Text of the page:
"The Andromeda Strain"

  1. J. Lederberg to W. A. Koshland (Andromeda Strain): June 25, 1969
  2. J. Lederberg to W. A. Koshland (Andromeda Strain): June 6, 1969
  3. J. Lederberg to W. A. Koshland (Andromeda Strain): film
  4. "The Exploitation of the Bacillus Subtilis Transforming System in a Bio-Satellite Experiment"
         A Proposal by Esther M. Lederberg, Instrumentation Laboratory, Stanford, May 6, 1963

In the letters above, Joshua Lederberg points out that several people have identified him with the primary character "Dr. Jeremy Stone" in the book (and film) "The Andromeda Strain", by Michael Crichton. Joshua Lederberg strongly objected to any such identification between himself and this character, who is shown using maps obtained from Biological Warfare research institutions. (Of course, to do research at Camp Detrick a decade earlier, Joshua Lederberg himself had a TOP SECRET clearance.)

Joshua Lederberg was one of the few researchers doing research in transduction. Transduction can be used to transfer DNA subsequences from viruses to bacteria, and between bacteria. It is conceivable that DNA sequences, if found in extraterrestrial environments, might also be capable of transduction with terrestrial life forms. This offers the possibility of using extraterrestrial DNA as a biological weapon. Furthermore, the realization of this form of transduction might even be transferred to a very common bacterium, such as E. coli. Such a synthetic E. coli biological weapon might also be coupled with an E. coli that is a temperature-sensitive mutant, which would be likely to survive only within limited ranges of temperature. For example, an E. coli temperature-sensitive biological weapon could be targeted for deployment in a place like Cuba, and might offer difficulties in spreading to other areas in the United States. If biological warfare was subsequently suspected the perpetrator could say that this was merely a more virulent form of E. coli. Thus the use of such a biological weapon could be hard to prove.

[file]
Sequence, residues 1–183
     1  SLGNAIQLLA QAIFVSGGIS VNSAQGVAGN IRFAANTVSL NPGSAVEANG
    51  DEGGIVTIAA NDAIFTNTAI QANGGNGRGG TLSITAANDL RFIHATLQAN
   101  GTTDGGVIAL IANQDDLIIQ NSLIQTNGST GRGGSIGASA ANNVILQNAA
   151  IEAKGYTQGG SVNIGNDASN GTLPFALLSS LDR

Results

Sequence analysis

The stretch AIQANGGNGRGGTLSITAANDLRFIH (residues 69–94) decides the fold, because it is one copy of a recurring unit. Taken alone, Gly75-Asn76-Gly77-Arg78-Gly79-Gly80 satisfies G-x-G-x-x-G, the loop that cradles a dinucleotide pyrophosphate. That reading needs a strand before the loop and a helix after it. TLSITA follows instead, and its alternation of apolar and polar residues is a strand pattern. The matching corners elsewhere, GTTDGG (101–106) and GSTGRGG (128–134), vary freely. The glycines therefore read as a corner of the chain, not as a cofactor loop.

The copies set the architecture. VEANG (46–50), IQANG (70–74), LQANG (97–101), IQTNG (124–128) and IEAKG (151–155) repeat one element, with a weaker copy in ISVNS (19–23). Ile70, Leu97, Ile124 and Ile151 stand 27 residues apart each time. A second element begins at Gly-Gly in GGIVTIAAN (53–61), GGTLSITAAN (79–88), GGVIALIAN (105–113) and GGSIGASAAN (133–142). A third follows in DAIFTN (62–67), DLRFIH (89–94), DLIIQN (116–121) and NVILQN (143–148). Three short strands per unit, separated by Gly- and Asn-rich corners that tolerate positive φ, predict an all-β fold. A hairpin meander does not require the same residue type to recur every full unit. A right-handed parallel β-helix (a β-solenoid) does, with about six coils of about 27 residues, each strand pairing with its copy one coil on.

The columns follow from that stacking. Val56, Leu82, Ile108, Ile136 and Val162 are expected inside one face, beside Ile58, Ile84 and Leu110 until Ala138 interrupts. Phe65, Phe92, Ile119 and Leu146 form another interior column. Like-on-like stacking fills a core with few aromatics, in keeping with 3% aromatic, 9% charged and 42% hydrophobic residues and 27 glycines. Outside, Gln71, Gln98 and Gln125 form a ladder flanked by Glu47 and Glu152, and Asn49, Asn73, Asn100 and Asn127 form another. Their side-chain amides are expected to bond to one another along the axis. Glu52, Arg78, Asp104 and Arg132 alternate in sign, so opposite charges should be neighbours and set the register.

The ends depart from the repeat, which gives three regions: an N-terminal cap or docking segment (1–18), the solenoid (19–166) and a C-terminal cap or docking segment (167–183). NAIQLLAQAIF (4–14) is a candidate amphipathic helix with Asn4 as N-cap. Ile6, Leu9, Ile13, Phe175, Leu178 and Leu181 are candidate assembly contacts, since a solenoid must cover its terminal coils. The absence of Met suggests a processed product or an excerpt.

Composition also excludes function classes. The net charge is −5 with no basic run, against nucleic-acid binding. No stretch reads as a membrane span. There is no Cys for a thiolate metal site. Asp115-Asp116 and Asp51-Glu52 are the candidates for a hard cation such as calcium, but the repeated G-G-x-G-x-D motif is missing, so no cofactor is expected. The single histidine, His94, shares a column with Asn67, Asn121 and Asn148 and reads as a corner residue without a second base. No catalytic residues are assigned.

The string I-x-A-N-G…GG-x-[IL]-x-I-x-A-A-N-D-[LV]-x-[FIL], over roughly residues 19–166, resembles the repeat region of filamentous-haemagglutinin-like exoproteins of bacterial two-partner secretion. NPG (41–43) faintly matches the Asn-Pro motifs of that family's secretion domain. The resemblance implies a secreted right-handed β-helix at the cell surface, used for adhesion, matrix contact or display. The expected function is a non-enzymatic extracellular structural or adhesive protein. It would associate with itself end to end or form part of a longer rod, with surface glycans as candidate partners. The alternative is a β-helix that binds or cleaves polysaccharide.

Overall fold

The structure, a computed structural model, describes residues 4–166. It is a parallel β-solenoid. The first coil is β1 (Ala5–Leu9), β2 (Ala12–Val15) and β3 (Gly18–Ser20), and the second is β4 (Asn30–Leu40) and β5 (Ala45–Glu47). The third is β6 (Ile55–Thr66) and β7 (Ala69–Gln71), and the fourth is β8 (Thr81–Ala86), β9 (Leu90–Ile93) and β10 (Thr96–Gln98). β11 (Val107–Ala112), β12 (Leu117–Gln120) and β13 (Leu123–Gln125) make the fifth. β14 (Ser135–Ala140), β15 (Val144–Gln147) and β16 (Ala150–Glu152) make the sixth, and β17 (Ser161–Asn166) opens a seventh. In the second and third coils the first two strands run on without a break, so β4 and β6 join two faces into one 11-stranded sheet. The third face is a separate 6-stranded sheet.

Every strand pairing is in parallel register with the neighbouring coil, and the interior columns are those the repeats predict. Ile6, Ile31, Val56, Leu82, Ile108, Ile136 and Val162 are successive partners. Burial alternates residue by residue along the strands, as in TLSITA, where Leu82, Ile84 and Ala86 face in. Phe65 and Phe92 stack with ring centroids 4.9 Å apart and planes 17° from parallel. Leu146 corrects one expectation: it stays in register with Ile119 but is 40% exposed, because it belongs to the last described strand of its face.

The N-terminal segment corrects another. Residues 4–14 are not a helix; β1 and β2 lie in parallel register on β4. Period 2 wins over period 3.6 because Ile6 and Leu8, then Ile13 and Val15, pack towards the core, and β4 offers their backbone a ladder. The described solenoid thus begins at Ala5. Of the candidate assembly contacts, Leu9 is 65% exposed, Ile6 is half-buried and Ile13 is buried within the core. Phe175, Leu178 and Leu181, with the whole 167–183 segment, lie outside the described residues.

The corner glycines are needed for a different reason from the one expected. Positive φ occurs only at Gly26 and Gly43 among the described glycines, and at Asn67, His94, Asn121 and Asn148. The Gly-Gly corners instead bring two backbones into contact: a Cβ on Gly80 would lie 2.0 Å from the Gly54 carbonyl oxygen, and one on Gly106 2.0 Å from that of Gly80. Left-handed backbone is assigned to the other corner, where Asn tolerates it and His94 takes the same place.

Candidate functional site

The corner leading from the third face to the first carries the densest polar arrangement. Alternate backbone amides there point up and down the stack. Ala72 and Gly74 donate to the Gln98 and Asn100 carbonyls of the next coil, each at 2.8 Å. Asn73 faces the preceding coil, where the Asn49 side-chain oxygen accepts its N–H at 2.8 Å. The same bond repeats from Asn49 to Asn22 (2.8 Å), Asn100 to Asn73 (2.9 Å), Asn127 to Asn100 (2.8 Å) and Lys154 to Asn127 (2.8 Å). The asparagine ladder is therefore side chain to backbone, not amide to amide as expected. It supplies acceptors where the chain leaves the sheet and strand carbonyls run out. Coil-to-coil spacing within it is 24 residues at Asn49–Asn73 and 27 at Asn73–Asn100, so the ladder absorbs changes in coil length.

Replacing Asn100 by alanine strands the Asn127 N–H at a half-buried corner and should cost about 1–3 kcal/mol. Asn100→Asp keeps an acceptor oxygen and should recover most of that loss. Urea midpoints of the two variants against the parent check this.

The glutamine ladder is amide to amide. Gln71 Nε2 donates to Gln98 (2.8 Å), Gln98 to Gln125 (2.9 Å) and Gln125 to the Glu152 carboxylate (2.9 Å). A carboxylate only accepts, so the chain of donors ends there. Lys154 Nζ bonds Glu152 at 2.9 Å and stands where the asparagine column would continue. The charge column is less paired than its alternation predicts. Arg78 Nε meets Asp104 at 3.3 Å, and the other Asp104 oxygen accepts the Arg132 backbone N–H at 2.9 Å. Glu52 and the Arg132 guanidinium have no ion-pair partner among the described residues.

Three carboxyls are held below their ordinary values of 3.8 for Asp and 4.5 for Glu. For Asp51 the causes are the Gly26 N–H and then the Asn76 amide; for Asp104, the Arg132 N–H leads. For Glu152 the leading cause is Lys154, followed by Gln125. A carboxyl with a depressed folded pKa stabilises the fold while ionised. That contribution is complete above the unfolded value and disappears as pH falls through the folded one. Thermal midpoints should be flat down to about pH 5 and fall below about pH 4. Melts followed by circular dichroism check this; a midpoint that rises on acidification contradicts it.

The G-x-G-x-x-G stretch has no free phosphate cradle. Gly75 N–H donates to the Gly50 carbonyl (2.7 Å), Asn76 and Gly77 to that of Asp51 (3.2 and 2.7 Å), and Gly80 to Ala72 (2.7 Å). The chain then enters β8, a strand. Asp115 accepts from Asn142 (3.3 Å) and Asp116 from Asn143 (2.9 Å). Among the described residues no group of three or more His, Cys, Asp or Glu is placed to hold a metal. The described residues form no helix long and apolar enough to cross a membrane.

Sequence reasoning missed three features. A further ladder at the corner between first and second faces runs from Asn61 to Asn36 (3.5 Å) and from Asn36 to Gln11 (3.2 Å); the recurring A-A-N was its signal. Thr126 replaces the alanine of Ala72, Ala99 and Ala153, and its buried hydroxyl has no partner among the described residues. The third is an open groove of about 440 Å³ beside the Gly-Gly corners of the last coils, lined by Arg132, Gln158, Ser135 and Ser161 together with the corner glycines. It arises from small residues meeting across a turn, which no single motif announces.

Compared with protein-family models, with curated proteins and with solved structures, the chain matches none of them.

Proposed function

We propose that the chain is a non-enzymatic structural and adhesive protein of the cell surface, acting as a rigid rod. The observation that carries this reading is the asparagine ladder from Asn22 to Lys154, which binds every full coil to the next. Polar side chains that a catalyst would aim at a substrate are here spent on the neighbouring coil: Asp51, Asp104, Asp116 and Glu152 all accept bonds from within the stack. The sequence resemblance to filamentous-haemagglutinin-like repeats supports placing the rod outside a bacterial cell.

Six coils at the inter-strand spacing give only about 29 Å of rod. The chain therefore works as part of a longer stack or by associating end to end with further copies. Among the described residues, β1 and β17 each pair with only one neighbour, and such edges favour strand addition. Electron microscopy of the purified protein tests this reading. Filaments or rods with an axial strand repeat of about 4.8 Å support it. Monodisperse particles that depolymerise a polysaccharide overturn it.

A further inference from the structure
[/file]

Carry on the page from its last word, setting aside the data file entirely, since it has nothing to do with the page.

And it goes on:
Once he was no longer actively engaged in microbial genetics research, Joshua Lederberg did work in the field of "exobiology" (or "esobiology")1, 2, terms Joshua Lederberg himself coined. The following section explores some parallels between the techniques used to create biological weapons, and the technologies used by exobiologists.

Joshua Lederberg: The Cold War and Biological Warfare

The following expresses the opinion of the creators of this website.